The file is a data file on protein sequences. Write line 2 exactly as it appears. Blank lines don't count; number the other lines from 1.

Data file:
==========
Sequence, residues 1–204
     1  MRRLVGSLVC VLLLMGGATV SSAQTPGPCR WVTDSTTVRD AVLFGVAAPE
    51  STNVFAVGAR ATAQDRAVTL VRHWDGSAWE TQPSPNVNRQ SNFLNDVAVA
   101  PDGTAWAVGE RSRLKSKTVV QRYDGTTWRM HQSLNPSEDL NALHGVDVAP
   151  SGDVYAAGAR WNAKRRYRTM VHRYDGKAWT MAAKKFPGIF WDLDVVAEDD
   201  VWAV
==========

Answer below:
     1  MRRLVGSLVC VLLLMGGATV SSAQTPGPCR WVTDSTTVRD AVLFGVAAPE